Anglepoise Type 75 Mini Desk Lamp - Paul Smith Edition Two
This scaled-down, playful version of the Type 75™ desk lamp is evocative of summer and offers all the functionality of the larger lamp in a more compact and colourful form.
Material: - Matt paint finish - Aluminium shade and arms - Chrome plated fittings - Cast iron base with aluminium cover - Anglepoise® constant tension spring technology
- Size Description
Shade diameter: 13cm
Shade height: 15cm
Max reach: 50cm (from base to shade)
Base diameter: 17cm
Cable length: 180cm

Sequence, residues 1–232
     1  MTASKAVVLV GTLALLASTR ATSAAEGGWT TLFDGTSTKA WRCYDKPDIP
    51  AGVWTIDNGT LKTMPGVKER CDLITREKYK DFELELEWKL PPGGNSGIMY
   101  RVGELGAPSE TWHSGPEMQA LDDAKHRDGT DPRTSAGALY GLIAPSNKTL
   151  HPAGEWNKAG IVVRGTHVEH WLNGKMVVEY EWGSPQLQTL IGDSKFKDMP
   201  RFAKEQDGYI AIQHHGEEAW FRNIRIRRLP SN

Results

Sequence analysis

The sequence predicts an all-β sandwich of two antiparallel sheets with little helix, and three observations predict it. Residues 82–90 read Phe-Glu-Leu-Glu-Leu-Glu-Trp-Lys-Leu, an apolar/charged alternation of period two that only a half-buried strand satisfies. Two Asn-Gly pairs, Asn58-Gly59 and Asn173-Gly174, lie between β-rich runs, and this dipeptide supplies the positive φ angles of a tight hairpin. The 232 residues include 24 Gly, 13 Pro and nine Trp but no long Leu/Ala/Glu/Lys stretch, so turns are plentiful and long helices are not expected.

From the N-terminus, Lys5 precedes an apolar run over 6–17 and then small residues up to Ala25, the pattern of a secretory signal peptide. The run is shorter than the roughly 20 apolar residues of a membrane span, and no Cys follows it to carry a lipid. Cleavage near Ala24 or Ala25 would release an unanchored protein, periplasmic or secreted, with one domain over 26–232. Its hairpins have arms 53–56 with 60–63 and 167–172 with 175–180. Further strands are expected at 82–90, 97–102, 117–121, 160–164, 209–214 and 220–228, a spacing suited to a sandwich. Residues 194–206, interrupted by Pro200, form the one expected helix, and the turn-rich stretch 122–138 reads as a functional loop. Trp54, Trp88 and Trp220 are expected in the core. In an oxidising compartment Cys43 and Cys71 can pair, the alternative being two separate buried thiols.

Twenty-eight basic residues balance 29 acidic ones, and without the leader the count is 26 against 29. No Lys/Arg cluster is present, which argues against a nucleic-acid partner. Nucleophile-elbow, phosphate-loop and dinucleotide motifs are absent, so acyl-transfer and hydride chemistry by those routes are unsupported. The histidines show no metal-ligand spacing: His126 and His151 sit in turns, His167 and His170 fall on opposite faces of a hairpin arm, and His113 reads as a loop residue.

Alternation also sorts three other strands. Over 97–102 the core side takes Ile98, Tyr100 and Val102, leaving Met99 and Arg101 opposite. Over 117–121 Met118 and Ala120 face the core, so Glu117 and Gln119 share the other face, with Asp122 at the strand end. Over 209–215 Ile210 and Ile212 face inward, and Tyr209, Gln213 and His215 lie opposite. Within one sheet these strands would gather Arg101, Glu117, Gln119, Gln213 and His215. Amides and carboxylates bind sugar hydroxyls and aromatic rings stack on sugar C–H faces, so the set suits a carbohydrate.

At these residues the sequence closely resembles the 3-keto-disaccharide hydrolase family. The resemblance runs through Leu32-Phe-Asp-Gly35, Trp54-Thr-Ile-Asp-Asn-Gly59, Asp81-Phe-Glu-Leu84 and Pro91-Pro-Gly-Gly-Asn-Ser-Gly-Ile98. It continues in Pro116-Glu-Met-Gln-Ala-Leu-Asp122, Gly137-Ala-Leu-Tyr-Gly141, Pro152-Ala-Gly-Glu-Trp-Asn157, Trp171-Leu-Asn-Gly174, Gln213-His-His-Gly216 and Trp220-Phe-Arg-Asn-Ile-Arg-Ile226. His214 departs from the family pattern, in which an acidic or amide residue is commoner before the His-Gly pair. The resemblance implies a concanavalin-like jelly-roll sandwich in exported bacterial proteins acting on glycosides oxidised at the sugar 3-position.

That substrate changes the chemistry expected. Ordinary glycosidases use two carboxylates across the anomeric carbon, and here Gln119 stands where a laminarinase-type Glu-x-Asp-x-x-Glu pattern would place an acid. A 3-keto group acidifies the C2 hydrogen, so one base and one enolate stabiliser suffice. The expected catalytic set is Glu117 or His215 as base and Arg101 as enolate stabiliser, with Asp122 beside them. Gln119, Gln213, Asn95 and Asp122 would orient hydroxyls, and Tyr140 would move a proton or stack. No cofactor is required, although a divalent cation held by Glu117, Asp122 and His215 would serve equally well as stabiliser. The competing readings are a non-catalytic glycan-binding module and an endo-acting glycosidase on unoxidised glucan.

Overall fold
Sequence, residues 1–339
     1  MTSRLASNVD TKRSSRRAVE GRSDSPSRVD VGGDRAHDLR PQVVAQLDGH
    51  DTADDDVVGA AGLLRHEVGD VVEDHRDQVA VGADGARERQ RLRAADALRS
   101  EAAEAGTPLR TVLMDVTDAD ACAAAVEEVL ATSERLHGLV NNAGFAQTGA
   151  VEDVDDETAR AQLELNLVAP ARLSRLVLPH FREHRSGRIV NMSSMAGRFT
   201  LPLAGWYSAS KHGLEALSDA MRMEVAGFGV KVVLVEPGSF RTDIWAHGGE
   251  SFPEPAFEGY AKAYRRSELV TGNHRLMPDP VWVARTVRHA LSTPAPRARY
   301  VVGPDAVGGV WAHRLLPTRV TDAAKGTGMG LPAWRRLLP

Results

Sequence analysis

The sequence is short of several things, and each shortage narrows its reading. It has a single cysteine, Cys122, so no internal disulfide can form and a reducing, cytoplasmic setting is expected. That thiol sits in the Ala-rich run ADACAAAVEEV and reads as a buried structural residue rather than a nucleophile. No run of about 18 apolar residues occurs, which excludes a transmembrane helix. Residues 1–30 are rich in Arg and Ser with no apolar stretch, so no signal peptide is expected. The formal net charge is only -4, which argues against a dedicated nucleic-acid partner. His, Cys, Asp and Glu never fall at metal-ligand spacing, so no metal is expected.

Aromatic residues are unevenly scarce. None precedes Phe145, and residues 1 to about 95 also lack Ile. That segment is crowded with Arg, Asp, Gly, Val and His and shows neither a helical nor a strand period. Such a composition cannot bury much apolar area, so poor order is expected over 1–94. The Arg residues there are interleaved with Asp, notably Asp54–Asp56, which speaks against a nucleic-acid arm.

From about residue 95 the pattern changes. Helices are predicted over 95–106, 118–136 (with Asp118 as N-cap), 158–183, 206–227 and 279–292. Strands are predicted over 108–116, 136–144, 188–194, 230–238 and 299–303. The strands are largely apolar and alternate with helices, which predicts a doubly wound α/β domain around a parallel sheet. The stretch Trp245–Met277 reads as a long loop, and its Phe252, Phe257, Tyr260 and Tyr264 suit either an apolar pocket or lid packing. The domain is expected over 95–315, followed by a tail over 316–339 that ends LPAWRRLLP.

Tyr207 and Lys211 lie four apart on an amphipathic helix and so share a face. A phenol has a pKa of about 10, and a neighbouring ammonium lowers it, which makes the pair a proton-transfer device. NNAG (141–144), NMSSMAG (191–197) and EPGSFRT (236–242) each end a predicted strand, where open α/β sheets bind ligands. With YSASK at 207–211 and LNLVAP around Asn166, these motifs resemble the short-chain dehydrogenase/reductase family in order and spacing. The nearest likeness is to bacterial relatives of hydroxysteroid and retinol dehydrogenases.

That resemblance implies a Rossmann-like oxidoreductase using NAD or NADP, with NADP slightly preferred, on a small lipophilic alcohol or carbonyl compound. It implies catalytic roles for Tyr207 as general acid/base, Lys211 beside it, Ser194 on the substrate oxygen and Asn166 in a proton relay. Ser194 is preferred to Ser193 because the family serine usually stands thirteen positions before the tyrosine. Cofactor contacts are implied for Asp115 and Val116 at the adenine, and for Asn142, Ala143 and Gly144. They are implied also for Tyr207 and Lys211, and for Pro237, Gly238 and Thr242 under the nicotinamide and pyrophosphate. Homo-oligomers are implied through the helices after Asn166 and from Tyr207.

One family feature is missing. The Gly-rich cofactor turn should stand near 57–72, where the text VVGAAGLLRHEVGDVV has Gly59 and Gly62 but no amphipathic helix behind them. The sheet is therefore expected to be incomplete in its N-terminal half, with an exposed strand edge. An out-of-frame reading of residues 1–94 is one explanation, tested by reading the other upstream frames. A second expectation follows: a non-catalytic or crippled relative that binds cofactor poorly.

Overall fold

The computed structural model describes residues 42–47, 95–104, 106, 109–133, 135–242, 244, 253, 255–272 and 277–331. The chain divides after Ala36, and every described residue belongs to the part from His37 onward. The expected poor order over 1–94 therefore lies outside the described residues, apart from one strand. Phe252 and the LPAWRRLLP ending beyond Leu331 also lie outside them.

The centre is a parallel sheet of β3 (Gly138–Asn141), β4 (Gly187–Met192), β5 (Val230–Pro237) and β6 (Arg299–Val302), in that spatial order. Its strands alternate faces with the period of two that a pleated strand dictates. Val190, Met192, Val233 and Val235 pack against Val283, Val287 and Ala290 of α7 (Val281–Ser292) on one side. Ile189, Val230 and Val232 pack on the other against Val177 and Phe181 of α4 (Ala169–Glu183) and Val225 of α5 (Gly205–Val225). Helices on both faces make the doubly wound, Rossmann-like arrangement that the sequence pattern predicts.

Paul Smith’s introduction into fashion was completely accidental. At the age of 16, with no career plans or qualifications, Paul Smith was propelled by his father into a menial job at the local clothing warehouse in his native Nottingham. However his real passion was sport and his ambition was to become a professional racing cyclist, until aged 17 years when cycling-mad Paul was in a terrible accident. Six months in hospital followed and during this time Paul made some new friends. After leaving hospital he arranged to meet them again and by chance the meeting place was a local pub that was popular with the students from the local art college. They talked of Mondrian, Warhol, Kokoshka, David Bailey and listened to the Rolling Stones, Miles Davis and much more. It was then Paul knew he wanted to be a part of this colourful world of ideas and excitement. Within two years, Paul Smith was managing his first boutique in Nottingham and with the encouragement of his girlfriend Pauline Denyer (now wife) and a small amount of savings, opened a tiny shop in 1970. Paul started to take evening classes for tailoring and with the help of Pauline (an RCA fashion graduate), Paul was able to create what he wanted. By 1976 Paul showed his first menswear collection in Paris under the Paul Smith label. Within 20 years of his introduction to fashion Paul Smith had established himself as the pre-eminent British designer. Paul Smith has the ability to anticipate, and even spark off trends not only fashion but in the wider context of popular culture. He manages to transmit a genuine sense of humour and mischief mixed with his love of tradition and the classics.